Obama on charter schools and vouchers

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I like Barack Obama. I like the rhetoric he uses and the hope he embodies and, unlike some people, I believe rhetoric is as important as policy. More important even, for rhetoric defines the parameters in which policy operates. In a sense, rhetoric sets strategy, whereas policy only defines the tactics to achieve the strategy outlined by rhetoric. To refer to a prior post of mine

a leader must possess clearly stated strategic goals that are based on deeply held principles and from which he or she refuses to waver.

A candidate’s rhetoric helps define the strategic goals he or she seeks to achieve and from which he or she refuses to waver.

That being said, rhetoric without policy is empty. I want a candidate who has some idea how to achieve his or her strategic goals, especially when they are as lofty as Obama’s. To that end, I was more than pleasantly surprised to read the following quote from the Democrats for Education Reform website in Slate Magazine:

At a Manhattan fundraiser I attended last April, a local charter school operator asked Obama why it was so hard to be a charter school person in the Democratic Party. His answer was thoughtful and measured, but he – not the person who asked the question – identified the teachers unions as the obstacle on the political side. He noted that the American public was hungry for change and that the unions’ leadership was going to have to decide whether they want to be in on it, or be completely left behind.

According to Democrats for Education Reform, Mr. Obama went even further:

if studies end up showing that children are benefiting from vouchers, he (Obama) wouldn’t allow his skepticism to stand in the way of doing something to help them.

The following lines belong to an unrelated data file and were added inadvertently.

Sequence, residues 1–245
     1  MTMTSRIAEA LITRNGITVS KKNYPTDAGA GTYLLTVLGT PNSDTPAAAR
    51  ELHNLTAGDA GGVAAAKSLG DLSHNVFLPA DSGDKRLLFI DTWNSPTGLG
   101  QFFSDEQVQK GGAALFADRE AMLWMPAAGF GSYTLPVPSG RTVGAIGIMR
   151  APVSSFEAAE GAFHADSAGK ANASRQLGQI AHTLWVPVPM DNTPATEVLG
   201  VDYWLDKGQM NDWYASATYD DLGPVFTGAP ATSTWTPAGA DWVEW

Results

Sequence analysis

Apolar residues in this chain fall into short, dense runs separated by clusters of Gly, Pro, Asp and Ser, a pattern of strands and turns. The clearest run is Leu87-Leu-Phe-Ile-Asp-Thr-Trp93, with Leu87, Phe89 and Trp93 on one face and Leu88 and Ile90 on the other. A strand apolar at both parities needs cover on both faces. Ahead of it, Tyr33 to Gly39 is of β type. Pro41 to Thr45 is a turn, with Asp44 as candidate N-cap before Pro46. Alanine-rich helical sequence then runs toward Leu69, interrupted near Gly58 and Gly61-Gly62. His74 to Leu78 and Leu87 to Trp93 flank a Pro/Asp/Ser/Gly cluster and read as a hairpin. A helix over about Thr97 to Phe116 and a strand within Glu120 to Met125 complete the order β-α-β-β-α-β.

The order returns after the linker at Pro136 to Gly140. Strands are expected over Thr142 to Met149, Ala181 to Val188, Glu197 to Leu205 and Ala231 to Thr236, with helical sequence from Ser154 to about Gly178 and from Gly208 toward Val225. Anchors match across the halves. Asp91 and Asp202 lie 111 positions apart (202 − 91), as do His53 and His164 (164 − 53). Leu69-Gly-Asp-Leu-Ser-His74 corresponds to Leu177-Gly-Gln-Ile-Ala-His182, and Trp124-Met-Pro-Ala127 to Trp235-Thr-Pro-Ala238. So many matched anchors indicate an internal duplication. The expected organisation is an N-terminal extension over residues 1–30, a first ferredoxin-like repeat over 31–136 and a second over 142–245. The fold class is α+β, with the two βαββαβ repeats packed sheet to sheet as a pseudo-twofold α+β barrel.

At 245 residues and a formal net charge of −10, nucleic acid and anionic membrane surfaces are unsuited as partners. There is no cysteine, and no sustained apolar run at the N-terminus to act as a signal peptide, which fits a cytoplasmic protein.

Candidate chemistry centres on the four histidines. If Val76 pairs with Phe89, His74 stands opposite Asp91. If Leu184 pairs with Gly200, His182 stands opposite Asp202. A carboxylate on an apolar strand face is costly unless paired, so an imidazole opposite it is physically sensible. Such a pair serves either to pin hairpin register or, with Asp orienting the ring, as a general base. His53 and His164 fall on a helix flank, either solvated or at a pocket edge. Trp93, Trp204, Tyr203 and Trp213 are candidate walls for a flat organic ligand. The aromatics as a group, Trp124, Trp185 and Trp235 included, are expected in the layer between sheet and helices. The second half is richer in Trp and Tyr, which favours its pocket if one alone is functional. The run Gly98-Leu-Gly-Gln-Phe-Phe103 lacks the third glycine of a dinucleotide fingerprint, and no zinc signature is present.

“You do what works for the kids,” Obama said.

In many ways, Mr. Obama’s run for the presidency is a fulfillment of Dr. Martin Luther King’s dream. His campaign has, as he has so often exhorted audiences on the campaign trail to do, transcended race. It is yet another reminder of the success of the civil rights movement in this country.

Despite that success, however, and despite Mr. Obama’s success so far in the primaries, racial inequality persists in America, and specifically in the area of education, where it is manifest in a racial achievement gap, an achievement gap maintained by the unequal access of poor, minority parents to educational options for their children.

Mr. Obama’s rhetoric sets out a goal of racial transcendence. I applaud. I also applaud the policy tools he appears open to use to achieve it – supporting charter schools and vouchers. It seems that Mr. Obama has identified worthy strategic goals and is unwilling to let special interests deter him from achieving them, exactly, in fact, what a leader should do. Let’s hope that, if elected President, he follows through.